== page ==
LJ: As I lay out in my vision, over time the fractures will disappear and the AFN secretariat and political office will be more focused and processes streamlined so the decision making process made at the tribal membership level and carried forward is not lost nor diminished working their ways to the appropriate levels for implementation. We may seem divided to outsiders but in reality, our Indigenous nations are spread out across our homeland like an open hand in times of peace and tranquillity. But when our people, our nations and our ancestral rights are threatened, that open hand closes up into a fist and we stand united and stand fast in protecting and enhancing our rights and that will never change for as long as the sun shines, the grasses grow and the waters flow.
APTN: The chair of the Specific Claims Tribunal wrote in a report that if it doesn’t get more resources it will fail. What will you do?
LJ: The current land claims processes are all set up for the Indigenous nations to fail and are under the control of the defendant (Canada) in each case who is the judge, jury and executioner who delay, deny and deflect any responsibilities. All these systems must be revisited and a true collaborative and properly funded process created to expedite all land claims while preserving all inherent indigenous and treaty rights and future interests of our Indigenous nations with adequate environmental protection provisions to protect Mother Earth for future generations.
APTN: What are you going to do with the First Nations Control of First Nations Education Act?
LJ: This unilateral government legislation must be reviewed and an education framework will be renegotiated using the mandatory true nation-to-nation agreement which must be invoked for both our nations to sit down and work out the details of them providing the proper funding for our peoples education based on both need as education is both a treaty and Aboriginal right and their constitutional obligations to do so. Education is a birthright which must not be denied to our tribal citizens and future generations.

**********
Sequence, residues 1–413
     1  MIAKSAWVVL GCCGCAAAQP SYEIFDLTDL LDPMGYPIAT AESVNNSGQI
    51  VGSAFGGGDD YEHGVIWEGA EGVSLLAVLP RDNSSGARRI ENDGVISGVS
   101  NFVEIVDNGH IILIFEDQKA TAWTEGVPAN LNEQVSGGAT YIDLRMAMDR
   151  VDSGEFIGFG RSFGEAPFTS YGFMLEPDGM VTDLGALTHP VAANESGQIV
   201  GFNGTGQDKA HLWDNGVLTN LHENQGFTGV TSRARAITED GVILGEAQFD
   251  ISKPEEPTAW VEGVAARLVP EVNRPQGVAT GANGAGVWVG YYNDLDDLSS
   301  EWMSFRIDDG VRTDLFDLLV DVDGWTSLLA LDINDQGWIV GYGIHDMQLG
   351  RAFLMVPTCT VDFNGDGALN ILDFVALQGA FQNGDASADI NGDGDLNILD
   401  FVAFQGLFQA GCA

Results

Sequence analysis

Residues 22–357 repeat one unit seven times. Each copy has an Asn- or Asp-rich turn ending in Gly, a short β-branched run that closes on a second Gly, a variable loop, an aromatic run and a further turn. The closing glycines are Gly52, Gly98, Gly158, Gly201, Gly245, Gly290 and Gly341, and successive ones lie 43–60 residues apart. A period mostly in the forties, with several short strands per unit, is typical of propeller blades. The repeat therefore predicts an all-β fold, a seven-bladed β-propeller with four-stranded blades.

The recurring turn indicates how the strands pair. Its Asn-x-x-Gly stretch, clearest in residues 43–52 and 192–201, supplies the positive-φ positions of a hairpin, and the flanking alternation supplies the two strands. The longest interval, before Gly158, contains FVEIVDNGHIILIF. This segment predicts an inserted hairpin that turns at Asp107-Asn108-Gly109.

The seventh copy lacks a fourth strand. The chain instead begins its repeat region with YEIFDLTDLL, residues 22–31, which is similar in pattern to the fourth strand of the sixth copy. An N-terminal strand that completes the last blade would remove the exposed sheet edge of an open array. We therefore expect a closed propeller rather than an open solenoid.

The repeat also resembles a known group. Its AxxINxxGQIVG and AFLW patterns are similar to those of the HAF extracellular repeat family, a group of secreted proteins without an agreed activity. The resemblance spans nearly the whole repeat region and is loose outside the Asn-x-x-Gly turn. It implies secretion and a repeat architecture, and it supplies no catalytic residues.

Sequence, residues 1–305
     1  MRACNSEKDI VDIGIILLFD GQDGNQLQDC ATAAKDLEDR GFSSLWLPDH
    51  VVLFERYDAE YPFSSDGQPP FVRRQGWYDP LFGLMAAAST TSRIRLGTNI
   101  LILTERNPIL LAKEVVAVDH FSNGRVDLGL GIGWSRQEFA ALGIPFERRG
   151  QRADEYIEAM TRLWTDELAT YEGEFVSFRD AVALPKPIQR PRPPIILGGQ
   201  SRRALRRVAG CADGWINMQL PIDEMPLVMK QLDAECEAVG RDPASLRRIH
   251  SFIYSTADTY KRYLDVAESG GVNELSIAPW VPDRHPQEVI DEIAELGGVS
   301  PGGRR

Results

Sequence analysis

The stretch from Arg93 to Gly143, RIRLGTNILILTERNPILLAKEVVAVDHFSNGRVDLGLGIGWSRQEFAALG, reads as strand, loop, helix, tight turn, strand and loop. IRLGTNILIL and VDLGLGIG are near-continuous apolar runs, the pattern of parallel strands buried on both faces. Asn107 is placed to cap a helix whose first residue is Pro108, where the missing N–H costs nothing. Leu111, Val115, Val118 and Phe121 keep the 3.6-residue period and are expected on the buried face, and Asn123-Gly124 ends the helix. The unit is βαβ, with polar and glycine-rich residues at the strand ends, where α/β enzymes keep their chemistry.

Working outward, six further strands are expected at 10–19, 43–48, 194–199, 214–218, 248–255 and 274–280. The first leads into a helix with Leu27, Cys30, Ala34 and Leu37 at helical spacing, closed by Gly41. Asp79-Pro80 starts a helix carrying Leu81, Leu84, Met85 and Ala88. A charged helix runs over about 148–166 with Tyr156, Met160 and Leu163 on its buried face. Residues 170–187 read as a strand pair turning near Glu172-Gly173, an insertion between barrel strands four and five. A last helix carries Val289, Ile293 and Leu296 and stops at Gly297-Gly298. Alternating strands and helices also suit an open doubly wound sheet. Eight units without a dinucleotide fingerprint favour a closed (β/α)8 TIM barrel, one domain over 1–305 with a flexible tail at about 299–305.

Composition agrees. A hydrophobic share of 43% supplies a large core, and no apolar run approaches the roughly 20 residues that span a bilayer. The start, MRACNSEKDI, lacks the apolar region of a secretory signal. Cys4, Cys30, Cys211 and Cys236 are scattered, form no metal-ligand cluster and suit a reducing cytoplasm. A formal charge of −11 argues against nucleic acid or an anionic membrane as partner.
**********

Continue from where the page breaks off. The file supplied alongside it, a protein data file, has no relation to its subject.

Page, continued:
APTN: Chief’s salaries are a big topic at the grassroots level. For example, should a chief make $400,000 a year when 80 per cent of his or her band members live on $400 a month, should there be limits?
LJ: All processes of accountability and transparency must be decided at the community level by the people, for the people with the people and not by an advocacy organization like the AFN, nor by the government of Canada. It must be kept in mind that due to diversity of our nations, the one size fits all legislations continuously imposed by Canada are only control by fiscal extortion mechanisms which fail and we must create our own unique and distinct systems in which each individual community determines who is in power, for how long and what they are paid and to whom they are accountable. We do not set the outrageous salaries for federal and provincial elected officials or heads of their departments so why should they set ours?
APTN: What do you want to see accomplished after your term in office?
LJ: I want to see our Indigenous peoples and nations well on the road to self-sufficiency with our tribal citizens, especially our children walking the road of life with pride, joy, respect and hope for their future living in healthy, nurturing and positive environments from which they can thrive and enjoy the standard of living enjoyed by mainstream society surrounded by respect and recognition of our special place in our ancestral homeland known globally as Canada. Only then, can I accept the fact that I have fulfilled a small part of the sacred obligation each and every one of us owes our Indigenous nations, past, present and future!